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People from foreign countries share their 15 favorite words with no English equivalent

There are some thoughts and feelings that are lost in translation.

languages, english, translations

A group of friends discuss linguistics.

Even though humans worldwide share the same senses, feelings, needs, wants and desires, our languages and the ways we communicate have evolved separately, so some languages have phrases and words that have no equivalent in others.

These words often emerge from the unique cultures, histories, and environments that shape each language. It's like a special secret, a word that captures a feeling, a situation, or an object so precisely that perhaps no other word in any other language can replicate it exactly.

The uniqueness of each language showcases the beauty and diversity of human experiences and perspectives. Moreover, it underlines the delightful intricacy of languages, inviting us to see the world through different lenses and embrace perspectives shaped by differing social nuances. It’s a testament to the vibrant tapestry of human expression.


The difference in languages is a beautiful thing. But it can also be frustrating when one speaks multiple languages and there is no way to express a certain feeling in one language that they can in another.

A Reddit user named Don_Pickelball asked foreign-born people who live in English-speaking countries to share the words that exist in their native language that are sorely missed in English. Here are 15 of the most interesting.

1. Geborgenheit (German)

"In German, we have the word 'Geborgenheit' which describes a very specific feeling of feeling cozy and safe and protected. Like you would feel when you're around loved ones sitting around a fire or when the person you love holds you under the warm covers when it's raining outside. I tried to explain this to someone the other day and when we googled the translation- it came up with 'cozyness' which really doesn't pay justice to what it actually means." — Else1

2. Verschlimmbessern (German)

"If you try to fix something but actually make it worse than it was before." — Chili919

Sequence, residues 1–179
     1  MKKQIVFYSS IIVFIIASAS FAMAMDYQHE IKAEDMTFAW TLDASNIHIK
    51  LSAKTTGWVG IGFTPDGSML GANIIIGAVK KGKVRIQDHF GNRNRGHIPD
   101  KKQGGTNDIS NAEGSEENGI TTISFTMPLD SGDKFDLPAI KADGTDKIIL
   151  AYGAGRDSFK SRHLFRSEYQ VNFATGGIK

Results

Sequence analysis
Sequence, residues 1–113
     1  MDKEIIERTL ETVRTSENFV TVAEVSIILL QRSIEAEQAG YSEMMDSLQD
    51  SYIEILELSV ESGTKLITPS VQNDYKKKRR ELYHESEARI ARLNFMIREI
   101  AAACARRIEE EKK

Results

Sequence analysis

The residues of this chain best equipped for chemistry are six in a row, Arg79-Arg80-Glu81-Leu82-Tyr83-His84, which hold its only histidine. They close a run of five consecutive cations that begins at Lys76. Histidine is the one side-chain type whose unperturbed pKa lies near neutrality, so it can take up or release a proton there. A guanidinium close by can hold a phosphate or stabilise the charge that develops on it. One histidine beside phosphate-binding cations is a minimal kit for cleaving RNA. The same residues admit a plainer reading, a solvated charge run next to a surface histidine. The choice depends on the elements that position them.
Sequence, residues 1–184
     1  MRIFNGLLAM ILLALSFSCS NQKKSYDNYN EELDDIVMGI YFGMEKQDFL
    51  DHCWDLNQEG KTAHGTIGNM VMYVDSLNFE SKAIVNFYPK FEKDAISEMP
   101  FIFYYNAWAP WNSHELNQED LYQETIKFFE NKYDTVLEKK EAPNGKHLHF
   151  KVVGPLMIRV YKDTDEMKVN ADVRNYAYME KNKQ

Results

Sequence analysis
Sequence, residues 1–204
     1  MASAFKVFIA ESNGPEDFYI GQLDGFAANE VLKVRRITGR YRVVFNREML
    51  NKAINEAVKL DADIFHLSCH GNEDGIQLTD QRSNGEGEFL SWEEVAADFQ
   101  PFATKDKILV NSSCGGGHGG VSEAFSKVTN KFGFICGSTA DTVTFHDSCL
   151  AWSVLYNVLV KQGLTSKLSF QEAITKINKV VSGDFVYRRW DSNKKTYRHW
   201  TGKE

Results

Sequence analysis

3. Geborgenheid (Dutch)

"It is about feeling safe and sheltered because someone who loves you and cares for you makes sure nobody can hurt you." — Illimprovement700

4. Komorebi (Japanese)

"It roughly translates as 'the scattered light that filters through when sunlight shines through trees.'" — tipsy_jana

5. Saudade (Portuguese)

"It has a similar meaning to 'miss you' but we have a direct translation for that 'senti sua falta,' saudade has more of an emotional feel to it, it’s really hard to explain, it’s deeper than simply missing someone." — Peddy_D

6. Backpfeifengesicht (German)

"A face in need of a fist." — No_Tamanegi

7. Estrenar (Spanish)

"To use something for the first time." — Ratonvacilon23

8. Kuchisabishii (Japanese)

"A Japanese term which directly translates to 'lonely mouth;' when you're not hungry, but you eat because your mouth is lonely." — MOS95B

9. Kalsarikännit (Finnish)

"Meaning deliberately getting drunk alone at home in your underpants with zero plans of meeting anyone or going out. I think other nations do this as well, but don't have a word for it. Delightfully relaxing and therapeutic at times, slightly concerning if done excessively. At best a wonderful opportunity to touch base with yourself, your life and your deepest thoughts and feelings. And/or watch that one cheesy comedy from 1992 you love but can't get any of your friends to watch with you because they have standards. At worst you wake up to an unholy mess accompanied by a killer headache, cheese all over the bed, cryptic messages on ripped up pieces of pizza box cardboard written by you to you all over the kitchen, and have nobody to blame than yourself." — Fit_Share_6147

10. Chaw-tamaw-tey-quat (Comanche)

"My native language is a Native American language called Comanche and isn't a written language but the word sounds like 'chaw-tamaw-tey-quat' and it basically is a socially acceptable way to say 'I'm done speaking.'" — SCP-33005

11. Tachiyomi (Japanese)

"Japanese has loads of words that require entire sentences to explain in English. My favorite of all time is tachiyomi, which means 'standing at a newsstand reading something without any intention of paying for it.'" — the2belo

12. Lagom (Swedish)

"It means not bad, and not too good. Just an average between. A very neutral word. For example, when you wash your hands, the water should be lagom hot. Not cold, not scalding hot. Just lagom." — Live_Rock3302

13. Luce (Farsi)

"It basically means intentionally acting all cutesy/precious/coy because you think it's appealing." — _eviehalboro

14. Sobremesa (Spanish)

"After a meal when you sit around the table talking." — KommieKoala

15. Załatwić (Polish)

"It means to get something done using connections/ persuasion/ backroom dealings." — ---Loading---

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